Cutting the red tape: Solutions for the Lower Fraser Floodplain

December 5, 2023

By: Dene Moore

It’s been two years since the devastating floods in B.C., and we are all too aware of the importance of sustainable watershed management and how our relationship with water has changed over time as the Lower Mainland has developed.

Extensive diking began in the lower Fraser Valley in the 1860s. That paved the way for urbanization and agriculture but resulted in increased flood risks across the region. That risk disproportionately affects First Nations communities, whose lands are located in flood-prone areas.

River ecosystems have also been fragmented, leading to massive habitat loss. Around 85 percent of historical salmon habitat in the Lower Fraser has been lost, and 2019 and 2020 registered the lowest level of sockeye returns on record.

Red tape is causing major delays for flood infrastructure upgrades that would benefit salmon and communities.

Our understanding of the problems and potential solutions – such as fish-friendly flood control – has improved in recent years, yet our ability to act on that information is limited by resources and an overwhelming regulatory process.

The mighty Fraser River, where much of the current flood infrastructure is due to be replaced.

The Problem

Over the summer of 2023, Mauricio Carvallo Aceves, a municipal engineer and PhD student researching urban climate adaptation and green infrastructure, assisted the Resilient Waters project and Watershed Watch in facilitating workshops on issues related to flood control infrastructure for the Lower Mainland.

Throughout the course of that work a picture began to emerge.

Flood control infrastructure projects routinely require permits from multiple agencies spread across all levels of government.

Consultation and collaboration with First Nations are essential throughout the lifespan of a project. There may also be additional requirements for specific projects, for example, if it is near migratory bird routes or critical infrastructure like railways.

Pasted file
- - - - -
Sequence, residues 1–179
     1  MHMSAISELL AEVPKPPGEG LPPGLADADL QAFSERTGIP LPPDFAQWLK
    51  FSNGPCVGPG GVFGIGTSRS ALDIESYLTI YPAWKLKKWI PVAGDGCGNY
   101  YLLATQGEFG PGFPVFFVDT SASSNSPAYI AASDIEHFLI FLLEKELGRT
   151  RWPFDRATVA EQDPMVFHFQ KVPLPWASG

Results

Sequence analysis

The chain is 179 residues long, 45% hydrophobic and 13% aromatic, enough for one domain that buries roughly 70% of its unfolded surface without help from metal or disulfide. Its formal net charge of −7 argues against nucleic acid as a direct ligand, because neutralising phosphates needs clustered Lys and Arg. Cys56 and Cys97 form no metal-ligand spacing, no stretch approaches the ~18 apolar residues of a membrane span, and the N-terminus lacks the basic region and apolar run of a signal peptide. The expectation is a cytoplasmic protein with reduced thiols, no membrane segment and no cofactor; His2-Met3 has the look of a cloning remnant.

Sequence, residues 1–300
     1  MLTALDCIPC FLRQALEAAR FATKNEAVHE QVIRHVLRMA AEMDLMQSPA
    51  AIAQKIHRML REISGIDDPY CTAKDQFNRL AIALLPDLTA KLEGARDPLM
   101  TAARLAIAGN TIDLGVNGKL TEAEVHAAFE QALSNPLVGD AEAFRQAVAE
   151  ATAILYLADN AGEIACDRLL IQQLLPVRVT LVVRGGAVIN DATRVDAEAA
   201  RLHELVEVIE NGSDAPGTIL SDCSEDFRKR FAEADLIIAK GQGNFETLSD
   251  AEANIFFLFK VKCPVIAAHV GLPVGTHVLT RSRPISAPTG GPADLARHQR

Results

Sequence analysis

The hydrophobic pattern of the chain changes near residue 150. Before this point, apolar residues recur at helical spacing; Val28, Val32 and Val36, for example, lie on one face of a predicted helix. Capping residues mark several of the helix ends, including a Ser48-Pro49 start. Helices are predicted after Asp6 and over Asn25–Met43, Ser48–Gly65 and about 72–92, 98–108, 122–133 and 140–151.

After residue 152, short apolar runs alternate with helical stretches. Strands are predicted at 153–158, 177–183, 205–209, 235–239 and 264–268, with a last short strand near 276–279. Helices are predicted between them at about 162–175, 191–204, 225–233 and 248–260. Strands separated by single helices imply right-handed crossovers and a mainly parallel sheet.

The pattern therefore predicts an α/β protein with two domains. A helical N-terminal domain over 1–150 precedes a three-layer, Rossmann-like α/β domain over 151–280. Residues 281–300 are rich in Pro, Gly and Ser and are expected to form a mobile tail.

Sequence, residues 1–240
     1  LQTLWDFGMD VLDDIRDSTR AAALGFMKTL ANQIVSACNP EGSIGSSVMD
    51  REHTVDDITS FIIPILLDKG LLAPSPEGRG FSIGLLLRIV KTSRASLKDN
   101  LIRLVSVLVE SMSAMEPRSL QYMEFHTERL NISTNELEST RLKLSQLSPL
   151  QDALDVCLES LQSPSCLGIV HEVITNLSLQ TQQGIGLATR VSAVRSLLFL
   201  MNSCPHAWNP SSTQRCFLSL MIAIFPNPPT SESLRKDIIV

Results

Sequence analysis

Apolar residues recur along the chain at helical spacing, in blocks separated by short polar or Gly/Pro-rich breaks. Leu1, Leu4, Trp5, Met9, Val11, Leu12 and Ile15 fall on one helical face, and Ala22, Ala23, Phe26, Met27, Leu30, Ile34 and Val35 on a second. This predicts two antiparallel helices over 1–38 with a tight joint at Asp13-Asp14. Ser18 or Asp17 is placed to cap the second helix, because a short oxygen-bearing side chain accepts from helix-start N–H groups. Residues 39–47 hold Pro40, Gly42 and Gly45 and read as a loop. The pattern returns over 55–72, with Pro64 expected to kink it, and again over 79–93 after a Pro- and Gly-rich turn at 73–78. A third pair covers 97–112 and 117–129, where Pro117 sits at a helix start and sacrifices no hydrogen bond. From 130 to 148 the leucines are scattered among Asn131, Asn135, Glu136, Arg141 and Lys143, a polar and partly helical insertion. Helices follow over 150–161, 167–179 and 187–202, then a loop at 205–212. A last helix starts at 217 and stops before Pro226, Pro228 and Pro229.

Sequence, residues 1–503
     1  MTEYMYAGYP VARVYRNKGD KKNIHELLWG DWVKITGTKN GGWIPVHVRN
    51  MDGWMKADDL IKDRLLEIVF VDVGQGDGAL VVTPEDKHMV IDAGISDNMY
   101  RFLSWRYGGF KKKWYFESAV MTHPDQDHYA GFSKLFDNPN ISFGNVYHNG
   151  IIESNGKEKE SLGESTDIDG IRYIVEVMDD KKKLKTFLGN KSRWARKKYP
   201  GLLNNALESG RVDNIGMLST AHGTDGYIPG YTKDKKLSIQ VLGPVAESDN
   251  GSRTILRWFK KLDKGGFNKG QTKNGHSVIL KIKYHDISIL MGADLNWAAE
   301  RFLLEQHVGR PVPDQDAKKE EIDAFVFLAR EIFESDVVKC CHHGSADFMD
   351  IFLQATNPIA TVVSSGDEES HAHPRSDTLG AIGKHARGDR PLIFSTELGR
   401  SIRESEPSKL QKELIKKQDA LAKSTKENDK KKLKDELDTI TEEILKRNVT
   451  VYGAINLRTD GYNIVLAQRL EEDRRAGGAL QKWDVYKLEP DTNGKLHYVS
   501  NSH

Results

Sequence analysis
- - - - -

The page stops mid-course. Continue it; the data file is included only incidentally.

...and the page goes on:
All approvals are needed before the first shovel hits the ground but there is a relatively short “fish-window” at the end of summer, during which works along the river are allowed. If permits aren’t issued in time, the project waits another year, which can have a domino effect on funding, costs and resources.

A new, fish-friendly floodgate on the Lower Aggasiz Slough.

It is ironic. Legislation put in place to protect the environment and waterways has, however unintentionally, evolved into red tape stalling many flood protection projects. Efforts to restore and improve fish habitat are drowning under the weight of an inefficient bureaucracy.

The flooded Sumas Valley in November 2021.

What We Heard

A series of interviews with local government environment and engineering staff from across the Lower Mainland provided insight into the permitting process. 

While the context in each community is different, they face similar challenges: Legislative changes have brought more requirements in the review process and there is not enough staff to keep up.

One expert interviewed pointed out that in order to evaluate permit applications, staff are provided a relatively rigid series of tables and forms to use. Unfortunately, flood control infrastructure projects are often complex, each site unique to the local ecological and hydrological characteristics.

Rarely do they fit neatly into the boxes of mandatory evaluation forms, leading to an extended back-and-forth between applicants and permitting agencies.

The Solutions

Removing environmental protection legislation is not the solution. The experts we spoke to suggested various ways to streamline the process, including:

  • A “one-stop shop” system where applicants could submit project information to be shared with all relevant agencies and levels of government. It avoids the duplication of information required for different permits and improves communication between agencies that often have comments or questions for each other concerning a project.
  • Allow staff more autonomy to use their professional and technical knowledge to evaluate permit applications beyond the rigid guidelines and forms that are not adaptable to the range of projects being proposed.

Existing infrastructure is aging and will need to be retrofitted, replaced or removed. At the same time, as efforts to reverse the negative consequences of previous urban development continue, more projects will need to go through the permitting process.

Communities and permitting agencies must be able to deal with the influx of projects. Everyone involved needs to be part of discussions to address the shortcomings of the current system. 

Climate change is increasing flood risk in the Lower Fraser. The suggestions that came from these workshops and interviews can contribute to discussions that need to happen now so communities of the Lower Fraser are empowered to mitigate flood risks, especially those that support First Nations priorities, sustainable economies, and benefit ecosystems.

Share This Story!

Cutting the red tape: Solutions for the Lower Fraser Floodplain

December 5, 2023

By: Dene Moore

It’s been two years since the devastating floods in B.C., and we are all too aware of the importance of sustainable watershed management and how our relationship with water has changed over time as the Lower Mainland has developed.